From start to finish: Creative writing students produce Natural Bridge
About half a year separates new editions of Natural Bridge, the contemporary literature journal published by the University of Missouri–St. Louis. And it takes every bit of that time for a staff primarily composed of students in the MFA in Creative Writing program to produce the issue in print and – for the first time ever – digital formats.
Joseph Grailer, a creative writing graduate student and a managing editor for Natural Bridge, said the process involves two major components: 1.) reading and selecting stories and 2.) layout and typesetting the journal.
“We read from the first to the last week of each semester and, in that time, we’ll normally go through somewhere between 500 and 800 submissions,” Grailer said. “Of these, we will select around 40 to 60 to appear in the journal.”
Each issue of Natural Bridge features a guest editor who sets the theme. For example, Drucilla Wall, assistant teaching professor of English at UMSL, served as guest editor of Natural Bridge No. 26, which uses “The Living Earth” as its thematic guide. The poetry, fiction, essays and translated works that constitute the issue generally fit within that theme.
New this year is the availability of Natural Bridge as an e-book. Readers can now download issue No. 26 at amazon.com for the Kindle e-reader. Grailer, who worked on the digital version, said Natural Bridge should also soon be available for purchase at Google Play, which will offer a downloadable e-reader version that can be read on the iPad, Nook and most other e-reader devices.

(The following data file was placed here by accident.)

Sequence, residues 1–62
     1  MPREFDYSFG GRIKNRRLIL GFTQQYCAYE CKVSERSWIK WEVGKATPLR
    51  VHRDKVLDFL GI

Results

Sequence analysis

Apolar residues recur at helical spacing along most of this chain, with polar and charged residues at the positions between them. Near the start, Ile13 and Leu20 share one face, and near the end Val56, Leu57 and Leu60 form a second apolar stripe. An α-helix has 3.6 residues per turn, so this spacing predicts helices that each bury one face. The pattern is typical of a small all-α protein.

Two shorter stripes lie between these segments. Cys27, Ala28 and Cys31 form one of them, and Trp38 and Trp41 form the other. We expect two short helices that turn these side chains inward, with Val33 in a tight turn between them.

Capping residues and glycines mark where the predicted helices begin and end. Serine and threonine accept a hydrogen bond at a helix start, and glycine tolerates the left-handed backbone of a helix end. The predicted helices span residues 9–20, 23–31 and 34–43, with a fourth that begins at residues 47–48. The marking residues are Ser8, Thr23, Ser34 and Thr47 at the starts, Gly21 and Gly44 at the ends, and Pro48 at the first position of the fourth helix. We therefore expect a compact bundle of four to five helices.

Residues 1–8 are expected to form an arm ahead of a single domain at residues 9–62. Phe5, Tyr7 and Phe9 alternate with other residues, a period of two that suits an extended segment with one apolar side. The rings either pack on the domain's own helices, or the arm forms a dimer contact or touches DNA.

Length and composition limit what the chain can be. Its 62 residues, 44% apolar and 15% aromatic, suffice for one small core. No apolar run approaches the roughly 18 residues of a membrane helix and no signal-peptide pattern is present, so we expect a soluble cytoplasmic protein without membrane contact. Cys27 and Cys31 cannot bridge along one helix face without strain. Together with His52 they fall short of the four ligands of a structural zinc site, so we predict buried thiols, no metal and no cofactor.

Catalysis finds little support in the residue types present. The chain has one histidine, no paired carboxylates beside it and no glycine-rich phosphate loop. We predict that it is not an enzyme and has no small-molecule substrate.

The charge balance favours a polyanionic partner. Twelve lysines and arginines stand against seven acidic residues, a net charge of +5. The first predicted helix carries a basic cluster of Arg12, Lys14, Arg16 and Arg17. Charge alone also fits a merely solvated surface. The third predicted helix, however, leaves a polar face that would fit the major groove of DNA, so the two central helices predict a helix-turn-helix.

“We are hoping that there is strong enough support from our readers to continue offering digital versions alongside print going forward,” Grailer said.
For the students who work on Natural Bridge, the experience they gain goes beyond editing and publication design. Grailer said he’s received real-world business experience he didn’t expect to find in an MFA program, including bookkeeping, accounting, marketing, organization, logistics, business writing and web programming.
“Most importantly, it has provided me the opportunity to actively participate in, and experiment with, the worldwide literary community in a time of tremendous change and opportunity,” he said.
Short URL: https://blogs.umsl.edu/news/?p=21832